Credit: C-SPAN
Democratic Rep Claims Impeachment ‘Hearsay’ Is ‘Much Better Than Direct’ Evidence

Democratic Rep Claims Impeachment ‘Hearsay’ Is ‘Much Better Than Direct’ Evidence

Rep. Mike Quigley defended the Democrats’ witnesses in the impeachment hearing Wednesday by arguing that hearsay can be better than direct evidence. 

After questioning Bill Taylor the top U.S. diplomat in Ukraine, and George Kent, the U.S. ambassador to the country, Quigley made the case that it didn’t matter that they did not have direct knowledge of President Donald Trump’s actions.

“I think the American public needs to be reminded that countless people have been convicted on hearsay,” the Illinois Democrat said. “Because the courts have routinely allowed and created needed exceptions to hearsay. Hearsay can be much better evidence than direct as we have learned in painful instances, and it’s certainly valid in this instance.”

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That prompted a Republican outburst, which Democratic Rep. Adam Schiff of California sought to silence.

Schiff, the chairman of the House Intelligence Committee, carefully managed the hearing, which kicked off the public phase of the impeachment inquiry he is leading against President Donald Trump.

However, Schiff could not subdue conservatives on Twitter.

“Can you believe this insanity? tweeted Donald Trump Jr.

House Minority Leader Kevin McCarthy of California tweeted that the witnesses’ testimony was “2nd or 3rd or 4th hand knowledge.”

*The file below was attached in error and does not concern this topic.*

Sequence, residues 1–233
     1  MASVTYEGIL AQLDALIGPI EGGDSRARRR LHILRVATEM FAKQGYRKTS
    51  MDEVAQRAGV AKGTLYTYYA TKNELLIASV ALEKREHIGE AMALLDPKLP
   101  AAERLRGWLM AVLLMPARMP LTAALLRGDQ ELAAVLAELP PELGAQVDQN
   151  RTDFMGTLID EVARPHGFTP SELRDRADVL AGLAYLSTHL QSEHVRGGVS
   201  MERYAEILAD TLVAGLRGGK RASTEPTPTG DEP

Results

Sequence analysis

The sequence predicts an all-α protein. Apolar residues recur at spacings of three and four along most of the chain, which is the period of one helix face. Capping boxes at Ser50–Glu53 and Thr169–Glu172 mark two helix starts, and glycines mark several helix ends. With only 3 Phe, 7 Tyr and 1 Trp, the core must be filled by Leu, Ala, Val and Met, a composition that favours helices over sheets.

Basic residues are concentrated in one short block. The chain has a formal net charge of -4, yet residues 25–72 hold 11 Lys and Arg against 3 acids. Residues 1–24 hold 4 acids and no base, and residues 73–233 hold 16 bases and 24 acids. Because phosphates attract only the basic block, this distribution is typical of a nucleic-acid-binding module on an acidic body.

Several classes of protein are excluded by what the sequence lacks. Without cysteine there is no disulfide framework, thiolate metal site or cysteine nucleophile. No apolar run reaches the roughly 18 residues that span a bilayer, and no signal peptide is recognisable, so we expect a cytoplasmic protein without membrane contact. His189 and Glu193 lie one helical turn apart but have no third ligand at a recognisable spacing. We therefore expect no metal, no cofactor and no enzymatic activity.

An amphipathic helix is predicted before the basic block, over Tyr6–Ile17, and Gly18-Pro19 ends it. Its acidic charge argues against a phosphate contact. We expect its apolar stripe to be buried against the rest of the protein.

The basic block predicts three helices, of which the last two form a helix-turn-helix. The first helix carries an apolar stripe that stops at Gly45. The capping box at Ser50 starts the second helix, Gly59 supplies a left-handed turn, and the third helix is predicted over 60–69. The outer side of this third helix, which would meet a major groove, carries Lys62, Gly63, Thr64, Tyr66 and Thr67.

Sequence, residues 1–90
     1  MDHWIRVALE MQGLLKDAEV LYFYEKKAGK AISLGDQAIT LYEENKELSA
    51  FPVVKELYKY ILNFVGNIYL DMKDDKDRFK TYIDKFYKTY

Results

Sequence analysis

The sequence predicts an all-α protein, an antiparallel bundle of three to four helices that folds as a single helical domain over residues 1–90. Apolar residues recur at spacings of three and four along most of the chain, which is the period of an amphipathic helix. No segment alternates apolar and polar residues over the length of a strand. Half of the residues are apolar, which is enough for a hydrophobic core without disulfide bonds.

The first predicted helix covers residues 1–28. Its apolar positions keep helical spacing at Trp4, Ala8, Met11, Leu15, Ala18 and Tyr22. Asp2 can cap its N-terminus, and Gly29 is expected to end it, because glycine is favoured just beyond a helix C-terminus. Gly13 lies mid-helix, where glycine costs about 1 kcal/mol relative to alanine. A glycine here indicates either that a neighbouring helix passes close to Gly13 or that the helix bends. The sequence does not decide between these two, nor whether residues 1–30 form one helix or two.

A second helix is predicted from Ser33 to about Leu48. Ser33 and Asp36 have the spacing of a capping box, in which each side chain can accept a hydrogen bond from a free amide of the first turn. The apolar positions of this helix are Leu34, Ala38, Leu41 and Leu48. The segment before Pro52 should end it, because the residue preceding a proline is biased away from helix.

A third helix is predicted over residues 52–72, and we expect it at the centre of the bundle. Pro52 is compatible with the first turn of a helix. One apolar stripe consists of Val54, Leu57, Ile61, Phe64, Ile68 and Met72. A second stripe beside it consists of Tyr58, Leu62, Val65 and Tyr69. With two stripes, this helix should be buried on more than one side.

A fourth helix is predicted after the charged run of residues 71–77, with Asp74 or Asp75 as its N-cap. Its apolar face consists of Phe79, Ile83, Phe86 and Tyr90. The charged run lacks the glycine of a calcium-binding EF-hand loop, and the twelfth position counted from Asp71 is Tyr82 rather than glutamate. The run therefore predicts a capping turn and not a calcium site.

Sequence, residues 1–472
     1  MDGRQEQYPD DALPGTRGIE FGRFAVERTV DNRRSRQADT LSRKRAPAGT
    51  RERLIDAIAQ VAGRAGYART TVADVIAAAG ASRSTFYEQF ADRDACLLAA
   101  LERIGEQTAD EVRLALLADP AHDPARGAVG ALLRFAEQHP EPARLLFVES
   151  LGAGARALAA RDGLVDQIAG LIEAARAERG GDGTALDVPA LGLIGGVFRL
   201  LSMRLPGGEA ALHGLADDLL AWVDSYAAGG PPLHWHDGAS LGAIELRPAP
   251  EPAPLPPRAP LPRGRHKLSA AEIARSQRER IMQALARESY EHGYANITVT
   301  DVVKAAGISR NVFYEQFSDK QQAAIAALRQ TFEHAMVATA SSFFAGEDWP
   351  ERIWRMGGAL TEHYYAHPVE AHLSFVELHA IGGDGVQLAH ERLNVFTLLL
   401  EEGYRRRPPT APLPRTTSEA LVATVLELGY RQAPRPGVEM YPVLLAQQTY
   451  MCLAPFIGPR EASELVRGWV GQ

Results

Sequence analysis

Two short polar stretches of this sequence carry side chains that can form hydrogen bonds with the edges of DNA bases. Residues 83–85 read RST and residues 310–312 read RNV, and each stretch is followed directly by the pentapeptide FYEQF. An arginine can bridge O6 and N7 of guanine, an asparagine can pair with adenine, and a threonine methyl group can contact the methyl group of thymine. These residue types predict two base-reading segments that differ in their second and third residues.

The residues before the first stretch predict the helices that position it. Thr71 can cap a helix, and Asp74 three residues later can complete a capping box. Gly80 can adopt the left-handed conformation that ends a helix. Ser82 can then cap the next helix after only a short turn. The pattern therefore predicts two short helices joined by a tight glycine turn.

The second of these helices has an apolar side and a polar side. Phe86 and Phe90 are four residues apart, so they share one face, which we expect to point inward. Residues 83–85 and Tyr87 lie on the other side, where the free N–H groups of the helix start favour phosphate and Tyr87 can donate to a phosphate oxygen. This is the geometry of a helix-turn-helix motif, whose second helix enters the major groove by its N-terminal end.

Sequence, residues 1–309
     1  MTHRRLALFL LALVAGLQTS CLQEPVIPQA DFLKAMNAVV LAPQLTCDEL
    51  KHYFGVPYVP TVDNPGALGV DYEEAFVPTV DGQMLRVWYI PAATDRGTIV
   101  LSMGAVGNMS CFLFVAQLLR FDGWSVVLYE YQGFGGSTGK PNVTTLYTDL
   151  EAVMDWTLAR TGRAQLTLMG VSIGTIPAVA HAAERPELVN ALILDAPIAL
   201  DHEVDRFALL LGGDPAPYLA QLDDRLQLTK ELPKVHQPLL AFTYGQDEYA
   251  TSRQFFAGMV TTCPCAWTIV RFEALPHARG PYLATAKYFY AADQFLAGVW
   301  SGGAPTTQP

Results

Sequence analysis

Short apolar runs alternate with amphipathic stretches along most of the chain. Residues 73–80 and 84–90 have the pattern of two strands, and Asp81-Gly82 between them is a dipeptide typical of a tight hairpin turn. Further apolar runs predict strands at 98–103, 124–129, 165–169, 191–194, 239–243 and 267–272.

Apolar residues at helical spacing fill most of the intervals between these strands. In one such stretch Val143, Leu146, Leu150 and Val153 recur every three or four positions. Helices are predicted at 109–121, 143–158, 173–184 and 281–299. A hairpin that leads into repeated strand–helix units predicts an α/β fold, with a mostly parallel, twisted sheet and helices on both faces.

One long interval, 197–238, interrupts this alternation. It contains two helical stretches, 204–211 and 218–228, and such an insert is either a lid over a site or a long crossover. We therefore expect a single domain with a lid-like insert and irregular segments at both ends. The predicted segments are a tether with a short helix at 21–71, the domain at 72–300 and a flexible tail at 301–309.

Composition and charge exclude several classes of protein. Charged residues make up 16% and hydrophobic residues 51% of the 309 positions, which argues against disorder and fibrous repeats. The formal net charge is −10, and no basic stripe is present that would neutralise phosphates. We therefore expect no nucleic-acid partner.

“Democrats are trying to impeach the president based on a game of telephone,” he said.

During his questioning of Taylor, Rep. Jim Jordan, an Ohio Republican, made a similar point.

Taylor testified in support of the alleged quid pro quo at the heart of the impeachment push. According to Democrats, Trump’s temporary withholding of military aid to Ukraine was meant to pressure Ukrainian President Volodymyr Zelensky to announce investigations related to Joe Biden and other domestic political opponents of the president.

However, Jordan pointed out that Taylor has limited knowledge of Trump’s dealings with Kyiv and had never met the president.

When Taylor admitted that he was simply relaying what he had heard from other people, Jordan called him out for contradicting himself.

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“What you heard did not happen. It didn’t happen,” Jordan said. “It’s not just could it have been wrong, the fact is, it was wrong, because it didn’t happen.”

A number of other U.S. officials have testified that Sondland discussed the quid pro quo, including with Ukraine, and the E.U. ambassador confirmed as much in a Nov. 4 amendment to his testimony. Trump also brought up the investigations after Zelensky mentioned military aid on their phone call. But Sondland said he did not actually know why military aid was withheld, and Democrats have so far failed to prove Trump made the aid conditional.

Both Trump and Zelensky has denied there was a quid pro quo. The president has called the impeachment inquiry an attempted “coup” by the Democrats.

The next public hearing is scheduled for Friday.

Cover image: Rep. Mike Quigley, D-Illinois, speaks during an impeachment hearing in Congress in Washington, D.C. on Nov. 13, 2019. (C-SPAN)

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